Interesting viewpoint from the Toronto Standard on the whole Jarvis thing:
People are, of course, entitled to have an emotional response to political issues, and, in many ways, such a response is natural and to be expected. But by allowing emotional responses to dictate the nature of our political discourse, we create a false dichotomy between groups of people. Since its inception as a political issue, the Jarvis bike lane removal has been, almost exclusively, positioned as a debate between cyclists and drivers. In reality, however, the configuration of one of Toronto major arteries is something that affects all of us. After all, roads are the means by which all modes of transportation traverse a city — that is, pedestrians, public transit, cyclists, and, yes, cars all need access to roads to get anywhere. However, when someone claims that a mother’s commute became significantly longer due to a recently installed bike lane, or when someone sits down on a road to protest the removal of a bike lane, what they are doing, in effect, is asserting that their claim to a major road is somehow more legitimate than everyone else’s.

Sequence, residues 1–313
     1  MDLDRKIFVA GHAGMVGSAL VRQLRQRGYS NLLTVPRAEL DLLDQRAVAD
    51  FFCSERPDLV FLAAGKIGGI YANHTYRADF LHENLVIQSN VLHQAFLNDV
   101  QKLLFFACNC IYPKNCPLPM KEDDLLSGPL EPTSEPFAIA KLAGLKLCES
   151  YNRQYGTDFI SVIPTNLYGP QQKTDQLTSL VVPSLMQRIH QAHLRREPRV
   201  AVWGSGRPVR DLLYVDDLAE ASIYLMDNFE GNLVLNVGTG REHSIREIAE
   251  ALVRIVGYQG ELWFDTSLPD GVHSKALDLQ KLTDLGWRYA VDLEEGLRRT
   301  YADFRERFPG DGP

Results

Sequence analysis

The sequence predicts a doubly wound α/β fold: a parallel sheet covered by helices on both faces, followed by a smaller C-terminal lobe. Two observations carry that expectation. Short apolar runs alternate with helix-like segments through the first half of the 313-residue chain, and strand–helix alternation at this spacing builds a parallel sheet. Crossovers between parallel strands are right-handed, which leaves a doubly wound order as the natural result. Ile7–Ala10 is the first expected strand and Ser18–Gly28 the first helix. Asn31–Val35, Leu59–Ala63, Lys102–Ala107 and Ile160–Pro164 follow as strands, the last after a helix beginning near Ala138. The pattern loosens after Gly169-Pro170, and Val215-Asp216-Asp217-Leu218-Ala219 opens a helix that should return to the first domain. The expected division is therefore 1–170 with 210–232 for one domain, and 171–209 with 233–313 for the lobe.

Read the full post: “Jarvis Bike Lane Debacle We Let Our Emotions Get the Better of Us” on Toronto Standard .
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